Then there is the looming row over West Yorkshire’s £2bn mass transit system, promised as a consolation prize for the region losing out on high-speed rail. Who pays for it is likely to be the source of bitter wrangling after the Government made it plain that the council taxpayers of West Yorkshire would be expected to foot most of the bill. That will not go down well with hard-pressed households, who from April will find themselves paying an extra 1.25 per cent in National Insurance to address the social care crisis, as well as facing a hike in gas prices and inflation at a 10-year high.

Royal Family

It is a unique milestone in the 1,000-year story of the British monarchy – the Queen’s Platinum Jubilee.

The 70th anniversary of her succession to the throne is on February 6, but the national celebration of it comes in June, two months after her 96th birthday, with an additional bank holiday on Friday the 3rd, when street parties are likely to be held across the land, a concert at Buckingham Palace on the 4th and then a pageant in London on the 5th.

Yet amid the celebrations, 2022 is freighted with sad anniversaries for the Queen – her beloved father’s death, of course, but also the 25th anniversary of Princess Diana’s loss in 1997, and the 20th anniversary of losing her mother, aged 101, and her sister, Princess Margaret, at 71, within weeks of each other.

And shadows cast by the present, not the past, surround the Jubilee. One is the continuing embarrassment of Prince Andrew’s friendship with convicted American sex offender Jeffrey Epstein, who died in prison. Allegations by a woman that she was coerced into having sex with the prince will be rebutted in a New York court in January, when Andrew’s lawyers begin legal action against his accuser.

The second shadow is also cast from America, in the form of Prince Harry’s autobiography, due out in 2022, for which he has reportedly been paid a $20m advance.

No publication date has been announced, but the story Harry tells – in print and in the round of promotional interviews that will follow – could cause heartache for the Royal family in a special year for the Queen.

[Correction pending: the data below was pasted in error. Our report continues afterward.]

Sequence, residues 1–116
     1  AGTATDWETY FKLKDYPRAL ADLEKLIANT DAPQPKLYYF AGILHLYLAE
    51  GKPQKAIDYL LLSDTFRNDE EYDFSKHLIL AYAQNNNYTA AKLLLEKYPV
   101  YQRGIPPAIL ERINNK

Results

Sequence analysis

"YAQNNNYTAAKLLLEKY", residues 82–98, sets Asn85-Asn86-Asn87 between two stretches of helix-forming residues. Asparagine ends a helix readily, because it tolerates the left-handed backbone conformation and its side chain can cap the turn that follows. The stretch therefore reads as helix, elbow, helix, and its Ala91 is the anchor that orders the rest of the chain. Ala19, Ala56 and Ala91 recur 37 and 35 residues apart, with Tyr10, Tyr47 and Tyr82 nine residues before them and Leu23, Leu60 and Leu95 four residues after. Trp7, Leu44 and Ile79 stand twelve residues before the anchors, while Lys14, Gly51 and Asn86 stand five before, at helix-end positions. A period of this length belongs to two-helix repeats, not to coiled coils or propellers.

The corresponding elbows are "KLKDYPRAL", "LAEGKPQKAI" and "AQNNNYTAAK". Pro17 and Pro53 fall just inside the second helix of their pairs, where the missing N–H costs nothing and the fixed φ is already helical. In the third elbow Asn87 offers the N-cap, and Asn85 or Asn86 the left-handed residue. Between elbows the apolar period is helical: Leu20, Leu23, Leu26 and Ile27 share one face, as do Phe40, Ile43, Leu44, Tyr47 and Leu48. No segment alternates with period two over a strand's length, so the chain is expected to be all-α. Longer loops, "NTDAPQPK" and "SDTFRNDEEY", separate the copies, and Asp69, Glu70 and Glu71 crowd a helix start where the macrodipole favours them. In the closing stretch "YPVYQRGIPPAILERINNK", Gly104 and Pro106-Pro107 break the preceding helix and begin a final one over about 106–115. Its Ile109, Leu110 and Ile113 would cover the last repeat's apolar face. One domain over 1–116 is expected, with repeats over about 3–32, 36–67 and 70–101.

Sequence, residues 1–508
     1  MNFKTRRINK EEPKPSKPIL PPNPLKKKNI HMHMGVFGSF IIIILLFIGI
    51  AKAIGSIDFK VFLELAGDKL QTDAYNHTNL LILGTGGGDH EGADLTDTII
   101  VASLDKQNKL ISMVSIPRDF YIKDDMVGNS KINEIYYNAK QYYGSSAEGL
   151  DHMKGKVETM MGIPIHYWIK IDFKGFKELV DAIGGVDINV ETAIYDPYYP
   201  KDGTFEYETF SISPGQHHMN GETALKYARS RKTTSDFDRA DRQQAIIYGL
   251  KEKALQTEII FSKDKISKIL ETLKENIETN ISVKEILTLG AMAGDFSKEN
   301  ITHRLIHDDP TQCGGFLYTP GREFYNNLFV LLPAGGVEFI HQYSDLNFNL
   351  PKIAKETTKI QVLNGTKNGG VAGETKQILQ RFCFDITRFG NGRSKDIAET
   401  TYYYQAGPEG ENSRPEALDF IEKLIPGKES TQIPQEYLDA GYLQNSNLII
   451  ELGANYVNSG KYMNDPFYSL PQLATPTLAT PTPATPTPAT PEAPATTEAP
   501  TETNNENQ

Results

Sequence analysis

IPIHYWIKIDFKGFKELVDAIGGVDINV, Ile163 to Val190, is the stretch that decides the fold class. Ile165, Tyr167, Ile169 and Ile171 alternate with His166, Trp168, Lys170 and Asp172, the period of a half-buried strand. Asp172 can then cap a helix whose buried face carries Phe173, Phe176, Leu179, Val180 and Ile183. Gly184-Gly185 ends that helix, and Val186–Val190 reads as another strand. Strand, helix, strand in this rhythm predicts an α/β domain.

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In the bitter winter weather of eastern Europe, 125,000 Russian troops are massed on the border with Ukraine, a worrying sign that President Vladimir Putin intends to annexe his neighbour, despite being warned off invasion by the United States.

The New Year marks the 100th anniversary of the founding of the Soviet Union, an entity to which Mr Putin was a devoted servant as a KGB officer, and the symbolism of that may have a bearing on his desire to create new empire.

China, too, is a cause for concern because of its aggressive stance towards Taiwan, and continuing crackdown on democracy in Hong Kong in a year that marks the 25th anniversary of Britain handing over control of the territory.

Closer to home, friction looms with the EU as the consequences of Brexit continue to play out. A court battle over the rights of 2.3 million EU citizens to continue living and working in Britain is likely, and there is also the continuing issue of illegal immigrants attempting to cross the Channel to Britain from France, amid warnings that chaos and starvation in Afghanistan could swell the numbers of refugees seeking sanctuary in Europe.


Whatever 2022 has in store, one thing is certain – Britain will be looking to its sportsmen and women to give us all something to cheer about.

A great year of sport begins with the Winter Olympics in Beijing next month and summer brings the Commonwealth Games to Birmingham.

At Wimbledon, all eyes will be on Emma Raducanu in the belief that aged only 19 she can become the first British winner of the women’s singles since Virginia Wade in 1977.

The most-anticipated event of all comes in November with the 2022 World Cup in Qatar, when the nation hopes that Gareth Southgate’s England team can go one better than their performance at this year’s Euros.